On the river’s right bank, opposite the present-day city, a tiny community emerged from the first settlers. The community was named Whitehorse by the roiling, foaming waters of the rapids, which resembled white horses rising up. When the river was dammed in 1958, the boulders that formed the rapids remained, but are now calmly buried under the waters of Schwatka Lake.
In recent years, Whitehorse, which is home to more than half of Yukon’s population – 25,000 people – has become a significant hub for arts and culture. The modest but vibrant capital of the territory is located at the crossroads of the Alaska and Klondike Highways, about 80 kilometers north of the British Columbia border.
Yukon Wildlife Preserve
The Yukon Wildlife Preserve seeks to preserve the unique wildlife of Canada’s north, which is home to some of the country’s rarest species. The Preserve is located just 25 minutes from downtown Whitehorse, and its devoted staff cares for wounded wildlife before releasing healthy animals back into the wild. Visitors may explore the preserve to learn about over a dozen distinct Arctic and boreal wildlife species. The facility’s three-mile “viewing circle” may be explored on foot, skis, snowshoes, or a guided bus. Observe caribou, lynx, elk, bison, and other animals in their varied natural habitats, ranging from swamps to cliffs, but never in a confinement. And have your camera ready, since you never know what creatures may make an appearance.
Miles Canyon was previously a treacherous location for gold prospectors. Many unsuccessfully attempted to cross the canyon or manoeuvre their stocked boats across the raging rapids of the Yukon River. Despite the fact that a train system permitted these prospectors to escape this danger, the Miles Canyon is no longer a location to avoid. A hydroelectric dam has reduced the flow of water, resulting in a little more tranquil river for today’s visitors. In 1922, a suspension bridge was constructed to link the two 50-foot sides of the canyon, and it still stands there today, providing a breathtaking perspective of the canyon for those who are not frightened of heights. This facility, located just minutes from downtown Whitehorse, has excellent hiking, mountain biking, and cross-country skiing paths, as well as animal viewing possibilities.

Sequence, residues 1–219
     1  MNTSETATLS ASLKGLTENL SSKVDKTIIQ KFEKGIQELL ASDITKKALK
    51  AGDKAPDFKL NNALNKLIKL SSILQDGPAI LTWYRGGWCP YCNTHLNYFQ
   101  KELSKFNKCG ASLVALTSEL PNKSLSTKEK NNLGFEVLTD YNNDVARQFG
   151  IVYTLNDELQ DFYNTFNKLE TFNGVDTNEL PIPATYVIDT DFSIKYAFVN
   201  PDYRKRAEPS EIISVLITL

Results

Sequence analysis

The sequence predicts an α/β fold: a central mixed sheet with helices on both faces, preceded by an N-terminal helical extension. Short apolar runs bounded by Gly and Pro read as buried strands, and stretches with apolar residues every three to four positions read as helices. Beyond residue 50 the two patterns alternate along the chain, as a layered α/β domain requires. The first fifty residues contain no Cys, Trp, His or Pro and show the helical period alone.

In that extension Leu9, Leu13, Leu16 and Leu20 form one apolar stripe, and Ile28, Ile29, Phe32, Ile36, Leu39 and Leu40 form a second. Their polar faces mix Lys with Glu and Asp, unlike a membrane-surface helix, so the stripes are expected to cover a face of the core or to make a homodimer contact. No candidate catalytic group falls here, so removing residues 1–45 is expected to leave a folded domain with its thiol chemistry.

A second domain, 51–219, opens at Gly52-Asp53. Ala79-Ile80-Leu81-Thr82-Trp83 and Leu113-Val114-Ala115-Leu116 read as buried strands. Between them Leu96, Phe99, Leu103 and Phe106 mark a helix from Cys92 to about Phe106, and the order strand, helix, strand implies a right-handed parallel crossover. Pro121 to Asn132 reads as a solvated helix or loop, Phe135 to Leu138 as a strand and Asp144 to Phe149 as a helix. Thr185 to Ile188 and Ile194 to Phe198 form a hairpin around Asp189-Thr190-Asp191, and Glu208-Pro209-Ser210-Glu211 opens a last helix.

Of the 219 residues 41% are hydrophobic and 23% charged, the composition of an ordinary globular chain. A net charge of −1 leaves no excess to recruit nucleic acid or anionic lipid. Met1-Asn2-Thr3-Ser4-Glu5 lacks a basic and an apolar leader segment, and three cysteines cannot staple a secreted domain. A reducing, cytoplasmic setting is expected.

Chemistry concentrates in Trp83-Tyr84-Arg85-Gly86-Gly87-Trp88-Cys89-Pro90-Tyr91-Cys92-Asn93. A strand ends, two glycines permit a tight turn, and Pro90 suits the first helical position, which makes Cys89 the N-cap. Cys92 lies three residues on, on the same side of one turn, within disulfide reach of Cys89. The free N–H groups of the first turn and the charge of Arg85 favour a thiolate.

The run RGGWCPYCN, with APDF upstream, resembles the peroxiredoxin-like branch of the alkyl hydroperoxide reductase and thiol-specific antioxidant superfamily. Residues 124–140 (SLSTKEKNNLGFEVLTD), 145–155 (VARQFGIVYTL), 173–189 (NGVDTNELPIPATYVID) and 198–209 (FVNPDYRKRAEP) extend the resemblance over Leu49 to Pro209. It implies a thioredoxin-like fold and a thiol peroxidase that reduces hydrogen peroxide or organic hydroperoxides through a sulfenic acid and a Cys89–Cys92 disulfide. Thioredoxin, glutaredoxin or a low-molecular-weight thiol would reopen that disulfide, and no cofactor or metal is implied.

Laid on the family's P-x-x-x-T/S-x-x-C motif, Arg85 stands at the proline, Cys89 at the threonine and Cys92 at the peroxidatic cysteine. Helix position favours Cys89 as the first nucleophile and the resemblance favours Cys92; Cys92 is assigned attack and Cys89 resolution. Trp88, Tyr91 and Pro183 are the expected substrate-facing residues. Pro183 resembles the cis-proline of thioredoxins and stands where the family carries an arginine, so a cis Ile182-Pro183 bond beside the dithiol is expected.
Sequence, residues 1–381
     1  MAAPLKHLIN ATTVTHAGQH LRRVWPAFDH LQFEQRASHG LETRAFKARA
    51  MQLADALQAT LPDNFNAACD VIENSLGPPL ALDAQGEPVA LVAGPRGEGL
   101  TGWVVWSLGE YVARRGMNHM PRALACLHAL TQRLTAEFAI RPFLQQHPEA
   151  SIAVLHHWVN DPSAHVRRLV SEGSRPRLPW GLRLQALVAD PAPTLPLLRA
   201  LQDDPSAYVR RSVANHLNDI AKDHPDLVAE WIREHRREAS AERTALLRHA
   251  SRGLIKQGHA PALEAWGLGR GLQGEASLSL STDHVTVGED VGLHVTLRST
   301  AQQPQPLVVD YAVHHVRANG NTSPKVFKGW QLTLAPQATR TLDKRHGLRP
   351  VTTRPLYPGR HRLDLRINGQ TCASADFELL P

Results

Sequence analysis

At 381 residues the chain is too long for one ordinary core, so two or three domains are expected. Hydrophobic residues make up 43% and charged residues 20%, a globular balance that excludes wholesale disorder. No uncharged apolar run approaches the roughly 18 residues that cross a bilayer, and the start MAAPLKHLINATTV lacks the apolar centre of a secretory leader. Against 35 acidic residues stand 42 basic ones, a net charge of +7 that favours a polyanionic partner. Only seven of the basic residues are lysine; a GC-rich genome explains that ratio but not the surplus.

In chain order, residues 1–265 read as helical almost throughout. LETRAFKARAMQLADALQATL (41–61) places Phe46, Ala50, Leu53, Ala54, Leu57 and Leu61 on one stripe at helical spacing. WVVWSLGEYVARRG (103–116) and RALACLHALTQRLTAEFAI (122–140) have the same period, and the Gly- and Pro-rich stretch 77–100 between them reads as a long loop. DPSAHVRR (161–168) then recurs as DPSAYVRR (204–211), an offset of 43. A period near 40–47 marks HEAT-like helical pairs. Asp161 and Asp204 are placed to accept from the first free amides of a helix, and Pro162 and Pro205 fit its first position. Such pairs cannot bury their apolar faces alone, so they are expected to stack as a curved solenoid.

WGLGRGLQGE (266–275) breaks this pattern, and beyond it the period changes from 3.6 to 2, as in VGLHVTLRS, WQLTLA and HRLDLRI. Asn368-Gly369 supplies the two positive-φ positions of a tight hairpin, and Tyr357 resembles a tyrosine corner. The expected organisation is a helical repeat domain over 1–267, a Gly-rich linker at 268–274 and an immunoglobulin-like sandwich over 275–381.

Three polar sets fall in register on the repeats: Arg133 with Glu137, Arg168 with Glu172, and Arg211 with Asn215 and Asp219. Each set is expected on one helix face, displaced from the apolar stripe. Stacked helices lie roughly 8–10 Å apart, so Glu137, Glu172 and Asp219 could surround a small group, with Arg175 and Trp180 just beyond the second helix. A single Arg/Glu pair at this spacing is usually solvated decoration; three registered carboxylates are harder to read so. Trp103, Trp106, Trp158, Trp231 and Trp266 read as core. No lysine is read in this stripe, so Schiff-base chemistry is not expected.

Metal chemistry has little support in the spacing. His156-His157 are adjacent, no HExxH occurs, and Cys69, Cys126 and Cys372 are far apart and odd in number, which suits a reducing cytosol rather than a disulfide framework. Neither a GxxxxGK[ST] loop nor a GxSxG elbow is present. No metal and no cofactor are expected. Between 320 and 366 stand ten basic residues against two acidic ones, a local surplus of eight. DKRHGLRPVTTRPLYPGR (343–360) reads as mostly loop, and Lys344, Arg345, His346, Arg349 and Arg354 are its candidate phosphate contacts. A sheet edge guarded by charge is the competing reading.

Have you ever been curious in gold panning? Because the history of the Yukon is entwined with the gold rush, the MacBride Museum of Yukon History allows guests to pan for gold and experience this historic vocation. Obviously, panning is just one of the many activities offered by the museum, whose exhibits cover the whole history of the Yukon and fill more than an entire city block. Explore First Nations beadwork and crafts, learn about Northern animals, immerse yourself in the history of the capital city of Whitehorse, and even explore the cabin where Robert W. Service’s Sam McGee lived. Explore the artifacts, images, and documents at your own pace. Who knows, maybe you’ll find something golden at the bottom of your pan.
S. S. Klondike
Early in the 20th century, nearly 250 riverboats connected the Yukon to the rest of the globe by water. The S.S. Klondike, the largest of these steamships, still rests on the banks of the Yukon River. This boat, which has been restored to its 1937-1940 look, is a popular location for tourists interested in learning about the region’s early residents. Prior to the construction of roads in the region, the Klondike, a massive ship with a carrying capacity of over 270 tons, was often used to transport supplies and silver-lead ore to and from the mines. Explore the ship’s decks on a self-directed or guided tour to learn how the ship operates and how its guests spend the time. Keep an eye out for the on-board Geocache.